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Recipes

The Best Peanut Butter Oatmeal Cookies

Peanut Butter Oatmeal Cookies Recipe Elizabeth Rider

These peanut butter oatmeal cookies have quickly become a favorite in our house.

Not only are they delicious and made with wholesome ingredients, but you may also already have everything you need to make them in your pantry. You can even make them vegan (egg-free here) if you want by using the substitution below.

I created this recipe when I was playing with making a more traditional peanut butter cookie, but with maple syrup instead of refined sugar.

To no avail, I tried four different types of peanut butter to get that thick cookie consistency with a cross-hatch top. The maple syrup just makes it too darn thin. However, adding whole rolled oats turned these simple cookies into a winner. We absolutely love them!

 

Peanut Butter Oatmeal Cookies Recipe Tips

This recipe is super simple and comes together in a snap. Here are a few notes for choosing your ingredients:

Thick Peanut Butter (No-Sugar & No-Salt Added)

The star of our show here. Choose creamy or chunky peanut butter depending on how you like the texture, and, if possible, choose the thickest peanut butter you can find. I used a drippy peanut butter in my first batch and the cookies barely held together. Choose something that holds together on the spoon. If using natural peanut butter with oil that has settled to the top, drain the oil out before scooping it out for this recipe (then add the oil back to the jar if needed and stir it into what’s left for another use.)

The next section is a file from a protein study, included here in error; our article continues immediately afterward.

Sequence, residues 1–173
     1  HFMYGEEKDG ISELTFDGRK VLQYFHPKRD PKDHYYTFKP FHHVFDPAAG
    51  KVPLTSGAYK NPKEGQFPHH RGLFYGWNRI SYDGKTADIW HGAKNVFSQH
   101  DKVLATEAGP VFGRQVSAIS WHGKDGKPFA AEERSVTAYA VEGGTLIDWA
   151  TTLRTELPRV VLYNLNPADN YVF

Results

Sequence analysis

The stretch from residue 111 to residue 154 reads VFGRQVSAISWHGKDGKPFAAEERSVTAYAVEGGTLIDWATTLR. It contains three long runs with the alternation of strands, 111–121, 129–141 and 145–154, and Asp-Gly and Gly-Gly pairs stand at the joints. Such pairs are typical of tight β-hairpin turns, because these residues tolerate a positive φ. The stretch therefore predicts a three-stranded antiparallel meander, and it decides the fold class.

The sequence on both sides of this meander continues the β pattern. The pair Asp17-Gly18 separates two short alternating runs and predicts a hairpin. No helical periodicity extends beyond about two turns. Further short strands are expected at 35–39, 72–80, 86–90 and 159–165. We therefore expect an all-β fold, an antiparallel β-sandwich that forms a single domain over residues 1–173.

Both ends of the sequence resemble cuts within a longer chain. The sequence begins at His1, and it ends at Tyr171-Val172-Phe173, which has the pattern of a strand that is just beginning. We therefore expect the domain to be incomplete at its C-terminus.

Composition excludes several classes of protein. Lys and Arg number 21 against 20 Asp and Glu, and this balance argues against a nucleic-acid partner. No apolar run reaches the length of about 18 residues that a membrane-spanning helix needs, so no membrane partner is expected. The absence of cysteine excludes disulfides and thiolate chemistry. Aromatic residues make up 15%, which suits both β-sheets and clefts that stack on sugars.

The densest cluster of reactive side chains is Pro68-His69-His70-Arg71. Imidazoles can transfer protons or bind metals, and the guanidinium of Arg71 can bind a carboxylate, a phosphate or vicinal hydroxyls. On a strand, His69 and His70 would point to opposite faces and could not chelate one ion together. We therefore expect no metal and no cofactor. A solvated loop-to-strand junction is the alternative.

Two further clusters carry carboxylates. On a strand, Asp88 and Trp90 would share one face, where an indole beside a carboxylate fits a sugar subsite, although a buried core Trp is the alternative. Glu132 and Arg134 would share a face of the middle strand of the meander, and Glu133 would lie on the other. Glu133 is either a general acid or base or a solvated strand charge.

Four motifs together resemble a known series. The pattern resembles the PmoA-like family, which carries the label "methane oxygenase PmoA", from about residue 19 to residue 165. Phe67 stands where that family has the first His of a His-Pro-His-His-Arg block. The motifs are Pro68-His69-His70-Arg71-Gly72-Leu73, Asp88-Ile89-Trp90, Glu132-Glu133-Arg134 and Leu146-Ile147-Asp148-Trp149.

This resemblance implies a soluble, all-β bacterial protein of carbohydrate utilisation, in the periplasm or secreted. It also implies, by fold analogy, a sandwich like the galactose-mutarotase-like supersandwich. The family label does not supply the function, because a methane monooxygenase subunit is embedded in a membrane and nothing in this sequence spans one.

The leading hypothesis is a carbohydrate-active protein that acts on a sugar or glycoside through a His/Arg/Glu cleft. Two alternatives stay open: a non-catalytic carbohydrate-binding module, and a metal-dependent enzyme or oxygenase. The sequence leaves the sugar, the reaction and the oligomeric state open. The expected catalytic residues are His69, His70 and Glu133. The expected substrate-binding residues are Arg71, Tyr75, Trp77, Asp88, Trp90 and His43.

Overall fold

Also, I recommend an unsweetened, no salt peanut butter so you can control the nutrition and flavor. Read the ingredients—if your peanut butter has any sugar, then use 1/2 the maple syrup. If your peanut butter already has salt, omit the salt in the recipe.

Peanuts have a bad rap in the health community as the way they’re stored in the manufacturing process often leads to mold growth that you may not even be able to detect. Use all-natural, organic peanut butter if you can.

Or, you can substitute almond butter or sun butter (sunflower seed butter) one-for-one in this recipe if that suits your needs better.

Real Maple Syrup

Use real maple syrup here—none of that pancake stuff as it’s full of artificial ingredients. Read the label and make sure the only ingredient is maple syrup. I prefer real maple syrup in this recipe as it’s a natural sweetener and it’s deep flavor goes well with the other ingredients. Honey also works if needed and will yield a more floral, lighter flavor.

If desired, you can use one cup of lightly packed brown sugar instead of the maple syrup; the batter will be much thicker and you’ll need to roll each 1-tablespoon scoop into a ball and flatten a bit with your hand.

Whole Rolled Oats